Requires Photography

Lotiform cup

Napatan Period, reign of Malonaqen
555–542 B.C.

Findspot: Nubia (Sudan), Nuri, Pyramid 26 (Queen Amanitakaye), Room B


Overall: 6.8 x 3.9 cm (2 11/16 x 1 9/16 in.)

Accession Number


Medium or Technique


Not On View


The Ancient World



This small cup is made of a somewhat coarse, light reddish clay fabric. It has a lotiform body with straight to very slightly concave sides, expanding towards the top to a flaring straight rim. The lower body constricts before the base splays outward to form a slight foot.

Very small vessels such as this cup are common in grave, tomb, and temple contexts where they could be presented with offerings or as model offerings in and of themselves. They are thus often called “model vessels” or, also because of their use in offering contexts, “libation cups.” They are most often made of medium to coarse grades of clay, and both hand-made and wheel-made examples (as with this example) occur. Shaping is often poor and irregular even when formed on a wheel. Frequent irregularities and asymmetry reflect fast work and mass production.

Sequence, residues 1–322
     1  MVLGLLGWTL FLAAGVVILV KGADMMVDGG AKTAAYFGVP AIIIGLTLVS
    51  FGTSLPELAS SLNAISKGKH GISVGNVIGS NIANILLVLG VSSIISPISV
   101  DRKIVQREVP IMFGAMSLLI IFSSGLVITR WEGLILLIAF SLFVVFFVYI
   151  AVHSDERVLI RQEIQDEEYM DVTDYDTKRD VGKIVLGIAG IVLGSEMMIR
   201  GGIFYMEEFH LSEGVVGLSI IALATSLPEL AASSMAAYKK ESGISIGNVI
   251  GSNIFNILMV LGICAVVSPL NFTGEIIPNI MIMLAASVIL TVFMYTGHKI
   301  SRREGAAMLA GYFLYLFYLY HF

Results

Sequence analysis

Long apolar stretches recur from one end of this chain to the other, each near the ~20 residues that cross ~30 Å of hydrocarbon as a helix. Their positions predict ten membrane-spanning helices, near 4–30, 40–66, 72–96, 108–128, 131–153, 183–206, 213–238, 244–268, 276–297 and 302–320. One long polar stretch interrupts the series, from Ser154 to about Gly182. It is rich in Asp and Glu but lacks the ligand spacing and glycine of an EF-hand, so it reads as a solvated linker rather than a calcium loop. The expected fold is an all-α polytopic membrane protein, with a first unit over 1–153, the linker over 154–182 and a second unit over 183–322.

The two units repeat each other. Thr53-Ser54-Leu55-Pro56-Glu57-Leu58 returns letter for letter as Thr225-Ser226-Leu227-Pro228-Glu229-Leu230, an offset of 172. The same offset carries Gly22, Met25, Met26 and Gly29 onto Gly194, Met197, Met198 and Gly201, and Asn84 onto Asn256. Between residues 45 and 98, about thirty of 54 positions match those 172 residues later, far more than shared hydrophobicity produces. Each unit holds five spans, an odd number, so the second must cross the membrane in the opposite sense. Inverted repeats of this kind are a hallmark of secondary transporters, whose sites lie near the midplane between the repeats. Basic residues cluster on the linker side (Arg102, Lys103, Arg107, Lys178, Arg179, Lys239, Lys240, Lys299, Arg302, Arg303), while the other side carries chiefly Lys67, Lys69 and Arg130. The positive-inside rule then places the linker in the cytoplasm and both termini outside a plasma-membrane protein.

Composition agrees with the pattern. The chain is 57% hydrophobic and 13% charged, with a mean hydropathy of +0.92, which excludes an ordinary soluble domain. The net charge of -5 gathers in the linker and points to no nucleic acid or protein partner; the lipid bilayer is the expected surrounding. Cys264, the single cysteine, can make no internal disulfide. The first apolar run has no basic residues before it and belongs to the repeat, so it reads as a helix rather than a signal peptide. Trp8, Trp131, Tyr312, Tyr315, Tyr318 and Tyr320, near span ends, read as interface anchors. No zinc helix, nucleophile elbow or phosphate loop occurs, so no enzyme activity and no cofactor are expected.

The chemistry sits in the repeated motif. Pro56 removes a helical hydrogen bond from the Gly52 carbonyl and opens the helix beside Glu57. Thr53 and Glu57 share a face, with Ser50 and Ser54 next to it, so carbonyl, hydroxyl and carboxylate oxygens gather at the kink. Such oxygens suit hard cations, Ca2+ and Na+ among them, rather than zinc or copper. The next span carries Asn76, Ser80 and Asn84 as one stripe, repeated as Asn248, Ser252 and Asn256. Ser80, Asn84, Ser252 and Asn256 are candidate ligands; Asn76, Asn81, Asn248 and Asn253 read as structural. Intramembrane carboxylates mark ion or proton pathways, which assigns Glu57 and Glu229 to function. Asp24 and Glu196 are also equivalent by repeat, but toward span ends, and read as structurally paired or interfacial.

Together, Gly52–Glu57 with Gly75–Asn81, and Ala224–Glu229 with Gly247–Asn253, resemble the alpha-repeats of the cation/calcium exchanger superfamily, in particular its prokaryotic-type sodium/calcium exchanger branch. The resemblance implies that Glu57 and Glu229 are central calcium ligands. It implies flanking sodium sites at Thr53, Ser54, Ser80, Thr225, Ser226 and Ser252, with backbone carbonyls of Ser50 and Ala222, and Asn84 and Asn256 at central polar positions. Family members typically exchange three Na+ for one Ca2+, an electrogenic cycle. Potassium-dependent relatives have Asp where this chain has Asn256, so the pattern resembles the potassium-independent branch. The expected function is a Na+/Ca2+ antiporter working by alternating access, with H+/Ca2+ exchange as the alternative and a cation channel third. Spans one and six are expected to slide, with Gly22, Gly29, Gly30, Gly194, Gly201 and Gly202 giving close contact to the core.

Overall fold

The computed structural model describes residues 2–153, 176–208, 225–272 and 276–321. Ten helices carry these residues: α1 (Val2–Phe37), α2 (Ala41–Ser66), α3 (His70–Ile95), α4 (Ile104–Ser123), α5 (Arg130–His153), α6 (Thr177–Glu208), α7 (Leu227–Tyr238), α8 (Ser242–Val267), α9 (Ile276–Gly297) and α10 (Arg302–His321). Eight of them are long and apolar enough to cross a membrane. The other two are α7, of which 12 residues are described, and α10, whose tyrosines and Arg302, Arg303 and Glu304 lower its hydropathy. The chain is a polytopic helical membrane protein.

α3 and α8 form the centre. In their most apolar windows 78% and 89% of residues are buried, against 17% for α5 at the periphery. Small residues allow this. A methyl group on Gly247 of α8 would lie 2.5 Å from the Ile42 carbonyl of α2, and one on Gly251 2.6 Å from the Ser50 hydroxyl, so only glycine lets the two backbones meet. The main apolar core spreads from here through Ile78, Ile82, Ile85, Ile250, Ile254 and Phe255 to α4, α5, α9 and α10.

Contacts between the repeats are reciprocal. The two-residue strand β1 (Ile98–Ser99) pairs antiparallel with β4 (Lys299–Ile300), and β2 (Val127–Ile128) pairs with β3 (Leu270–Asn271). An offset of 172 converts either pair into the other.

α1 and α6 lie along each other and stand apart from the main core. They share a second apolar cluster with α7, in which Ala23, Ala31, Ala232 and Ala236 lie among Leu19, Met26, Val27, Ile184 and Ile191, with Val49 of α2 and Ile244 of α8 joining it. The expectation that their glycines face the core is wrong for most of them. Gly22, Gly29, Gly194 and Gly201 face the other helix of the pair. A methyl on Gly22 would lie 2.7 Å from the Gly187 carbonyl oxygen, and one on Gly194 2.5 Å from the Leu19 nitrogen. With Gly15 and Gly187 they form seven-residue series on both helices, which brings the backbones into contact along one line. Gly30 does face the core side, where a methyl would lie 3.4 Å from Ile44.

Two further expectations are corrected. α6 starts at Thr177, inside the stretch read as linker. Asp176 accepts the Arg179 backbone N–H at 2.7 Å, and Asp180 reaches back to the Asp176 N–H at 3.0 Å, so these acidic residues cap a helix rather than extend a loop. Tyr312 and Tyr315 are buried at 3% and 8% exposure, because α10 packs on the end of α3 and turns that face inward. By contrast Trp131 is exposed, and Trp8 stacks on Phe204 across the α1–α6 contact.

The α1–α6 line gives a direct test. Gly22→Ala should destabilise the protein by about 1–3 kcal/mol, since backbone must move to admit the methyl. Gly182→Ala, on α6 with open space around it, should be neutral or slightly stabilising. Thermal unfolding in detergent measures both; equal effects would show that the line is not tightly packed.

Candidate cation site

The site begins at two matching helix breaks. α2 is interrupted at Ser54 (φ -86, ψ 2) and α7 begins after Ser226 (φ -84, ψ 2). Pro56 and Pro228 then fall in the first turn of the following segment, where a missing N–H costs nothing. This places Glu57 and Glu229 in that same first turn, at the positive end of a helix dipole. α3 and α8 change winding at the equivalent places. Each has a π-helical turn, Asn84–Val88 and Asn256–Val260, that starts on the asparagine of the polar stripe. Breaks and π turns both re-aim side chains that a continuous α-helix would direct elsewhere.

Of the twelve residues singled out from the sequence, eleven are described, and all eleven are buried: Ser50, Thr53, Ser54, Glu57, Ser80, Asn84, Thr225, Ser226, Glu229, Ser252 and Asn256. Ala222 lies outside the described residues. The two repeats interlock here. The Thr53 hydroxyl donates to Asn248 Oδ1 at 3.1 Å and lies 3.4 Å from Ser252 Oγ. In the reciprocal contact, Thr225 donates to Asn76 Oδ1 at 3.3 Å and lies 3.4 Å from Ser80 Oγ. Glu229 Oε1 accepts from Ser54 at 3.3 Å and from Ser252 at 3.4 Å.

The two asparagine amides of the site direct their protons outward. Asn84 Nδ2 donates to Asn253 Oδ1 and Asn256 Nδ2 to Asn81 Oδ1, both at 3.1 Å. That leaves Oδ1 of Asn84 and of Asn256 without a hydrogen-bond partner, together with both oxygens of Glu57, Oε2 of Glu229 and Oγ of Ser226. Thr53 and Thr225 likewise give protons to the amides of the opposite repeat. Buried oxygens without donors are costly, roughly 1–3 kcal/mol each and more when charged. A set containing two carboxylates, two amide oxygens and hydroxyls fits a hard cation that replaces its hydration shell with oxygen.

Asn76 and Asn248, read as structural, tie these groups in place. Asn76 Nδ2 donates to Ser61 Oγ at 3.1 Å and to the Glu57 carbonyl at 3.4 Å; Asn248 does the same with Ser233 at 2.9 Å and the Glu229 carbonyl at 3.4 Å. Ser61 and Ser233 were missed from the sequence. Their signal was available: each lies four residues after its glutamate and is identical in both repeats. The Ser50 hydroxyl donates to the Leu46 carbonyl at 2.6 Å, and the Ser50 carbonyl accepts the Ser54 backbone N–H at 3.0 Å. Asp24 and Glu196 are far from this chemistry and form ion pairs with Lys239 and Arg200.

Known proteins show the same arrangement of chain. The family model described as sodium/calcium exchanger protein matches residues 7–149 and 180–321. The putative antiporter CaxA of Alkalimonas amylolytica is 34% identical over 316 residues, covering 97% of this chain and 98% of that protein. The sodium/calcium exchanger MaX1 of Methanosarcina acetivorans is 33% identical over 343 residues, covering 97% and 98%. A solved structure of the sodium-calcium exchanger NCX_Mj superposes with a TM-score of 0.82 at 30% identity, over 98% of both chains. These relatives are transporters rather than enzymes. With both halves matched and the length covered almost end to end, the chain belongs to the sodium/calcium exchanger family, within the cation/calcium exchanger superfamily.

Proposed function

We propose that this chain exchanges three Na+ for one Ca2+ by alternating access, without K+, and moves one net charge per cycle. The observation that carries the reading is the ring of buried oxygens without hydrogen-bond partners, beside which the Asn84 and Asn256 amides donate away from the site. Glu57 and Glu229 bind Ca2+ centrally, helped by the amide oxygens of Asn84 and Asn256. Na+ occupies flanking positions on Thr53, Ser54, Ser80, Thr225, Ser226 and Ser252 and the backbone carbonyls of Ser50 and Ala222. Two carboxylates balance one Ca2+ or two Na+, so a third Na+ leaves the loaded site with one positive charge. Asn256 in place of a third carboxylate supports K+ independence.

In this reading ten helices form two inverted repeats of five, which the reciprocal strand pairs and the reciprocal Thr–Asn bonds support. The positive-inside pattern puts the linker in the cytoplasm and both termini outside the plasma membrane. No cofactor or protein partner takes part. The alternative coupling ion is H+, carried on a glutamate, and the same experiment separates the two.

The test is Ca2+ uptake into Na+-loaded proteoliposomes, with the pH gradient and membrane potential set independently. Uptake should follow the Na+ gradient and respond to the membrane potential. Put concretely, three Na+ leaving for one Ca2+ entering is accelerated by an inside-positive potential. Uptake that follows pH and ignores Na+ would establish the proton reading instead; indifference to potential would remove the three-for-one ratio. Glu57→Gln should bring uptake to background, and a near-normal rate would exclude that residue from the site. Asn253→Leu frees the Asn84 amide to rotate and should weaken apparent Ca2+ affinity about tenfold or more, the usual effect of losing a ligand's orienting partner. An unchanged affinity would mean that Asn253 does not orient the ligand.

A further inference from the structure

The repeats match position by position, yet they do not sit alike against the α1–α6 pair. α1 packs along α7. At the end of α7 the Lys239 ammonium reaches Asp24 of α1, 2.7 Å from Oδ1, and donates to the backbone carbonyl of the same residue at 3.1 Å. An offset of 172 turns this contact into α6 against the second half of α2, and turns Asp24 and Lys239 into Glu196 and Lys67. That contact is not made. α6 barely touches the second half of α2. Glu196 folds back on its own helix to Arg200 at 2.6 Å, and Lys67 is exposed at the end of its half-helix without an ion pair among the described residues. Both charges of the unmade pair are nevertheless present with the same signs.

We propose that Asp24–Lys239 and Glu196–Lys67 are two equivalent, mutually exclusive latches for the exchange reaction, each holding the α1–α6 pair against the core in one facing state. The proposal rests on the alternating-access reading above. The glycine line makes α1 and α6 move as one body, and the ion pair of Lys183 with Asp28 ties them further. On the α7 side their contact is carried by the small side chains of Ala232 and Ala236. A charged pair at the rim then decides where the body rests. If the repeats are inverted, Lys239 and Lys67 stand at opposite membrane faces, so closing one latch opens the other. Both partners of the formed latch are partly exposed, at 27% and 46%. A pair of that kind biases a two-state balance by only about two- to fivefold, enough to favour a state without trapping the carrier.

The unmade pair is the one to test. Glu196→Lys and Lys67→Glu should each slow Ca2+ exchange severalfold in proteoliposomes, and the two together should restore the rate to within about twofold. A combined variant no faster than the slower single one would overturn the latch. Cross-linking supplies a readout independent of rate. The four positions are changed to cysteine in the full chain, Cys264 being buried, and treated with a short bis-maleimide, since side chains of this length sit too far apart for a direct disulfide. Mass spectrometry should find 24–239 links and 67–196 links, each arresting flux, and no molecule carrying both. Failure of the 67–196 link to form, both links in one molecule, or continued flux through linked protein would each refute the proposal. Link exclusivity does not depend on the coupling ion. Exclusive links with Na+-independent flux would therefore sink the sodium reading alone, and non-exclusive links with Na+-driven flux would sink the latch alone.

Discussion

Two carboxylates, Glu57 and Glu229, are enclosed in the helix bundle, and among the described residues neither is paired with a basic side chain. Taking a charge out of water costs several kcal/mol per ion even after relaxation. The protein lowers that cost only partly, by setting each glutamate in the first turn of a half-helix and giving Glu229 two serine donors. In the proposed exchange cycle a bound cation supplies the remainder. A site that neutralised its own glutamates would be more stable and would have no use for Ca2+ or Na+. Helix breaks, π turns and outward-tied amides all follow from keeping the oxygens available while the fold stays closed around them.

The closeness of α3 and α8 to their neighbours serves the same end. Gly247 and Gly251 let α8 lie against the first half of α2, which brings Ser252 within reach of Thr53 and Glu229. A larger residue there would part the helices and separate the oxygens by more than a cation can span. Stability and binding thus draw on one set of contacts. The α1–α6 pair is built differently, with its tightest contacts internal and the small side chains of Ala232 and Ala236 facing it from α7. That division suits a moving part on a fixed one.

From Nuri, Pyramid 26 (tomb of Queen Amanitakaye), Room B. 1917-1918: excavated by the Harvard University–Boston Museum of Fine Arts Expedition; assigned to the MFA in the division of finds by the government of the Sudan.

(Accession Date: August 21, 2006)

Credit Line

Harvard University—Boston Museum of Fine Arts Expedition